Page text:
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  1. Macbeth
    by Jo Nesbo
    Knopf Canada
    Apr 10, 2018
    FICTION / Literary


    He's the best cop they've got.

    When a drug bust turns into a bloodbath it's up to Inspector Macbeth and his team to clean up the mess.

    He's also an ex-drug addict with a troubled past.

    He's rewarded for his success. Power. Money. Respect. They're all within reach.

    But a man like him won't get to the top.

    Plagued by hallucinations and paranoia, Macbeth starts to unravel. He's convinced he won't get what is rightfully his.

    Unless he kills for it.

    Featured Review

    There are layers upon layers of character throughout, many strings interwoven and working together to tie up the end we all know is coming. So of course, while I knew the story of Macbeth Jo Nesboø was still able to wow me at every turn of the page with his new telling.
    - Megan Hardy, Oshawa Public Library
  2. Circe
    by Madeline Miller
    Little, Brown and Company
    Apr 10, 2018
    FICTION / Historical / Ancient


    The daring, dazzling and highly anticipated follow-up to the New York Times bestseller The Song of Achilles

    One of the Most Anticipated Books of 2018

    "An epic spanning thousands of years that's also a keep-you-up-all-night page turner." - Ann Patchett

    In the house of Helios, god of the sun and mightiest of the Titans, a daughter is born. But Circe is a strange child--not powerful, like her father, nor viciously alluring like her mother. Turning to the world of mortals for companionship, she discovers that she does possess power--the power of witchcraft, which can transform rivals into monsters and menace the gods themselves.

    Threatened, Zeus banishes her to a deserted island, where she hones her occult craft, tames wild beasts and crosses paths with many of the most famous figures in all of mythology, including the Minotaur, Daedalus and his doomed son Icarus, the murderous Medea, and, of course, wily Odysseus.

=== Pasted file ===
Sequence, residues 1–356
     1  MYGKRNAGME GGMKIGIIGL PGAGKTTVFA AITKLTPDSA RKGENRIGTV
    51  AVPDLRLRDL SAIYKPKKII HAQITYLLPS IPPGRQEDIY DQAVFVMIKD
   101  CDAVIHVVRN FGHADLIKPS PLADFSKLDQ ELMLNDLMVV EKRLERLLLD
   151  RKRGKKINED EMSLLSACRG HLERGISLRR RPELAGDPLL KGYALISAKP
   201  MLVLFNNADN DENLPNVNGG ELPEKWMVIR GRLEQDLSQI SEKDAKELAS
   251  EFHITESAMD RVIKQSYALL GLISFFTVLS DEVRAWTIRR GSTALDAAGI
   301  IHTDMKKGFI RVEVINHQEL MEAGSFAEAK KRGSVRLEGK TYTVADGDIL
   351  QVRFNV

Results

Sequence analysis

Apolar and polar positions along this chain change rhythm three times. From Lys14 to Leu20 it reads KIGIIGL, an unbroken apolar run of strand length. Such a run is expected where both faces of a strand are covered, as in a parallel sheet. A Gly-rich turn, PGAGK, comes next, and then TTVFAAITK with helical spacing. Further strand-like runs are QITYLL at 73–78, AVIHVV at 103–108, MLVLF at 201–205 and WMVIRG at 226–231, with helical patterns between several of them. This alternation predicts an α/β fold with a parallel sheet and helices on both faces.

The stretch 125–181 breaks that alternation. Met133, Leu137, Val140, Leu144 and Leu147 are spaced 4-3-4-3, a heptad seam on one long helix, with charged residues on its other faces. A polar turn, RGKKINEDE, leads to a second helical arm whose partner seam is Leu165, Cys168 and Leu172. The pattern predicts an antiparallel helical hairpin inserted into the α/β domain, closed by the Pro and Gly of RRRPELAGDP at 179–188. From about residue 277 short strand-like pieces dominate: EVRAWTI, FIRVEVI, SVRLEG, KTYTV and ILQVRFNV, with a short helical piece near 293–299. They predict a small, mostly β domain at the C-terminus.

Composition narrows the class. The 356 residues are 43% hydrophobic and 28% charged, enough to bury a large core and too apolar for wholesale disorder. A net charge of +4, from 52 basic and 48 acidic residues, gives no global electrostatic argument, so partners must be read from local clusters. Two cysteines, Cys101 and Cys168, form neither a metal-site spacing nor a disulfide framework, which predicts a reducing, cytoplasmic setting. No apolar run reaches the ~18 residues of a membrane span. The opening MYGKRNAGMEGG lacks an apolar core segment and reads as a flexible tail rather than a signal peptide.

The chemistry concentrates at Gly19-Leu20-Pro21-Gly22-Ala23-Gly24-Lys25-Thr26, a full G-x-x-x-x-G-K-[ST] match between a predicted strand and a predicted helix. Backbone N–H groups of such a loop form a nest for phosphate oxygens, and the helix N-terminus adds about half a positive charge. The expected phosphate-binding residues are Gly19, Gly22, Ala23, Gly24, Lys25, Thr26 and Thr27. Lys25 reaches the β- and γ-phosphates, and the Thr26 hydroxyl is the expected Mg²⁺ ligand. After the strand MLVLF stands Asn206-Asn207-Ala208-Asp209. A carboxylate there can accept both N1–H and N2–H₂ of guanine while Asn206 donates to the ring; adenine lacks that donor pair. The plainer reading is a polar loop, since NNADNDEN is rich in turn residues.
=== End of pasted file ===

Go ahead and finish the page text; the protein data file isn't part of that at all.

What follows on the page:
But there is danger, too, for a woman who stands alone, and Circe unwittingly draws the wrath of both men and gods, ultimately finding herself pitted against one of the most terrifying and vengeful of the Olympians. To protect what she loves most, Circe must summon all her strength and choose, once and for all, whether she belongs with the gods she is born from, or the mortals she has come to love.

    With unforgettably vivid characters, mesmerizing language and page-turning suspense, Circe is a triumph of storytelling, an intoxicating epic of family rivalry, palace intrigue, love and loss, as well as a celebration of indomitable female strength in a man's world.

    Featured Review

    If I could vote for this more than once I would! What a gorgeous, wonderful story. Circe is a strong, willful, and flawed heroine, whose story is filled with adventure, romance, and tragedy. A worthy follow-up to Song of Achilles and I can't wait to read what she writes next.
    - Jennifer Green, Oshawa Public Library
  3. Mary Cyr
    by David Adams Richards 'Canada'
    Doubleday Canada
    Apr 10, 2018
    FICTION / Literary


    A fresh new novel from a Canadian literary legend--this time with an extraordinary and unforgettable woman protagonist who is sure to become one of the great characters in our literature.

    Mary Cyr opens in Mexico, just as a disaster strikes a small town: a coal-mine has collapsed, with thirteen men trapped inside. Less than forty-eight hours later, the authorities summarily decide to abandon all hope of finding survivors and seal up the mine entrance--willfully oblivious to the half-dozen souls still breathing below ground. Shortly after that, a thirteen-year-old Mexican boy, Victor, is discovered dead in the hotel room of a Canadian visitor--a 45-year-old woman, and heiress to a vast fortune, who goes by the name Mary Cyr.

    Thus begins this shocking, brilliant and compelling novel--a late-career tour de force by one of our most unique and powerful writers. In his last couple of novels, David Adams Richards has widened the scope of his vision and his world, taking us into far-flung countries and lives even as his beloved territory of New Brunswick's Miramichi remains his touchstone, the spot to which all his stories return. In Mary Cyr, the unwinding tale will take us from a harsh jail cell in Mexico, where Mary Cyr is imprisoned, deep into Canadian police officer John Delano's past, and even further into the murky depths of a wealthy New Brunswick family whose ties to mining, newspapers and a host of other interests lead to the highest corridors of power. At the heart of this maelstrom lies a woman who is compromised and confused, but also poignant, wounded and well-intentioned: the beautiful and tragic Mary Cyr.